From the very first introduction and menu,Persona 5 leaps onto the screen with style and confidence that is for the most part held throughout the lengthy 80+hour experience. Not relying on mere flashy aesthetics, Persona 5 possesses a substantial and compelling narrative and an excellent turn based combat system, and a surprisingly interesting social life simulator element.
Without spoiling or going into excessive detail about the narrative that is the cornerstone of this lengthy JRPG experience, the basic premise of Persona 5 is the following: you play as a transfer student with a criminal record based on a false accusation that gets transferred to a Tokyo school called Shujin Academy. However, you become imbued with a strange and mystical power that allows you to access the Metaverse, which is an alternate, physical dimension of people’s subconsciousness, either as a collective unconsciousness in the case of Mementos, a procedurally generated dungeon, or Palaces, which are for individuals with deeply distorted desires, moreso than the small fry in mementos. Once your merry band of Phantom Thieves is formed, you set about stealing people’s hearts in this realm in the hope of reforming society. It’s a wonderful premise that has a rebellious, idealistic edge yet balances this with drama, positivity and doesn’t shy away from the implications of it’s own premise. There are also plenty of moments of levity and comic relief, which hit more often than they miss and rarely feels inappropriate or as if it’s trying to convey a sense of ironic detachment. The utter sincerity of the whole thing is part of what makes it such a joy to experience.
What makes the story work as well as it does is the characters. From Ryuji,a former track team member with an impulsive and rebellious attitude, or Ann who is a kind hearted beauty,Futaba the shut in, or Makoto the honour student and Yusuke the slightly pretentious artist. These are just some of the characters in your party and they all have excellent chemistry, which is helped by quality, believable voice acting. All these characters are more than they initially seem and their individual storylines are all worthwhile. There are also non party member confidants, such as Tae Takemi, the punk town doctor, Sojiro your legal guardian, Kawakami the homeroom teacher, Ohya the alcoholic journalist, Mishima the fanboy or Yoshida the washed up politician to name a few. You will want to try and experience as much of these substories as you can too as they offer substantial bonuses for combat abilities, Personas and generally increasing your power.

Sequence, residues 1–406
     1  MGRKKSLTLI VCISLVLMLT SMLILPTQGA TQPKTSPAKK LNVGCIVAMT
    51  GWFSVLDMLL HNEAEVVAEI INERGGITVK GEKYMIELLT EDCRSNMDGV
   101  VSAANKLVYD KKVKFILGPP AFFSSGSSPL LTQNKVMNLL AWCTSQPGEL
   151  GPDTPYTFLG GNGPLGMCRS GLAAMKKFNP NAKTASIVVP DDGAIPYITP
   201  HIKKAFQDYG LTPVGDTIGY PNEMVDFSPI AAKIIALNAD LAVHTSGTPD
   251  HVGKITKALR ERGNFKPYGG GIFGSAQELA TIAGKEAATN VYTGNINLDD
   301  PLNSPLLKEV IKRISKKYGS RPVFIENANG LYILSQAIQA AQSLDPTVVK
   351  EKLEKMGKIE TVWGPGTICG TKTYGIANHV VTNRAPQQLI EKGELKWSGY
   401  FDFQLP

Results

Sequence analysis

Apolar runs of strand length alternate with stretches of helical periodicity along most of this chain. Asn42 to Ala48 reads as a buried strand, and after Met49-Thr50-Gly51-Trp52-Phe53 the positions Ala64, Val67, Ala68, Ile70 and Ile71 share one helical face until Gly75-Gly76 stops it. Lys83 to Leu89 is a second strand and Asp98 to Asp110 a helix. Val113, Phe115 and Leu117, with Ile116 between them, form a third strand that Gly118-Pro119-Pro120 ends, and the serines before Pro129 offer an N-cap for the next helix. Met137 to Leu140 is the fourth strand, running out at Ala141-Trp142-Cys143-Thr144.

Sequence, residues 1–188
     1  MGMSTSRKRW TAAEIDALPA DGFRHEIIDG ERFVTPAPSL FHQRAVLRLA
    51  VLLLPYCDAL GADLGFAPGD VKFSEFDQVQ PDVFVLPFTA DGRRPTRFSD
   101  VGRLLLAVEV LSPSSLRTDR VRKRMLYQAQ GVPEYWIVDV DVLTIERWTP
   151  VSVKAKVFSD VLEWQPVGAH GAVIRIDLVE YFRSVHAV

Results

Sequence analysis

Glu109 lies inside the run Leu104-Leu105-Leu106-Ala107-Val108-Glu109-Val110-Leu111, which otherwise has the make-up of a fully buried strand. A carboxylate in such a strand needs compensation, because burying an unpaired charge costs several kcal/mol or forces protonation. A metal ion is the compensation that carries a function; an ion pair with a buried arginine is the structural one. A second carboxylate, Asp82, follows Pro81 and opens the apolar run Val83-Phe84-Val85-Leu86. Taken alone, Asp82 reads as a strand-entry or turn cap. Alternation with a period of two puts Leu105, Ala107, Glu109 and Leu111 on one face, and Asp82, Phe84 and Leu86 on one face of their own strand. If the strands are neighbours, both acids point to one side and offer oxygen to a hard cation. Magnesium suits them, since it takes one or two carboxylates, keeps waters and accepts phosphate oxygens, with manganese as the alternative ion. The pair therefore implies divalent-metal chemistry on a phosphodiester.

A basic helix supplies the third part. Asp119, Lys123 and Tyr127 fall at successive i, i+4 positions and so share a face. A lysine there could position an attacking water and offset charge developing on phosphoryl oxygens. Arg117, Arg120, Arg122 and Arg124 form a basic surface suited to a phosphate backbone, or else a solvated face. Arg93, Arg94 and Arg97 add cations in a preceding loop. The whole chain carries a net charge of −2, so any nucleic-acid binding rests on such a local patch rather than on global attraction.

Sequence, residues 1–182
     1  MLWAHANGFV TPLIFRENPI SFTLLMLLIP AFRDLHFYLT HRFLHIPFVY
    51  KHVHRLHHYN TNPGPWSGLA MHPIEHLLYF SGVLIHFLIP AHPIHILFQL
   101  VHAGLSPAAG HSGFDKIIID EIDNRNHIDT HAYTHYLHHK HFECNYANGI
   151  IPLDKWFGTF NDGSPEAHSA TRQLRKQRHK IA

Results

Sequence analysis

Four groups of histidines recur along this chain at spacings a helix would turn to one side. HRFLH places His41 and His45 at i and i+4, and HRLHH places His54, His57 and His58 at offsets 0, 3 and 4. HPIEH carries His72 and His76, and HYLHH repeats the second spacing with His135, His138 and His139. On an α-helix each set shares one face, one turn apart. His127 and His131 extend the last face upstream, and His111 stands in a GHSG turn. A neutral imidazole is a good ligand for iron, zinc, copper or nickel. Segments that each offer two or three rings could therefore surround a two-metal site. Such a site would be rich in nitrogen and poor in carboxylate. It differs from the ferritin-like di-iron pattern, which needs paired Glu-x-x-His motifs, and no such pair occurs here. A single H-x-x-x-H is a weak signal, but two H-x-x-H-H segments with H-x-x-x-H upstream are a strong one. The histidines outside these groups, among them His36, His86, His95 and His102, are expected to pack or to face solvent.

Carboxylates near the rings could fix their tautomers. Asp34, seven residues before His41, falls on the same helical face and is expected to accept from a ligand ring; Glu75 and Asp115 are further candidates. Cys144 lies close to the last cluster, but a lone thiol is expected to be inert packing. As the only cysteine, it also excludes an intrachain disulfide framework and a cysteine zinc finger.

This ties into the social life simulator aspect, which is more than mere interludes and are important to the storytelling and overall flow of the game. You can also increase five social stats through certain activities, such as knowledge through studying or answering questions in class correctly. These are necessary, as a skill check, in order to progress certain confidant substories. Everything feeds into each other in this core loop, and while this all might sound mundane, as part of the overall experience, it elevates the narrative and dungeon crawling. The main negative of the social stats for me is the interface as the progression between level one and level two of a particular stat is not terribly clear.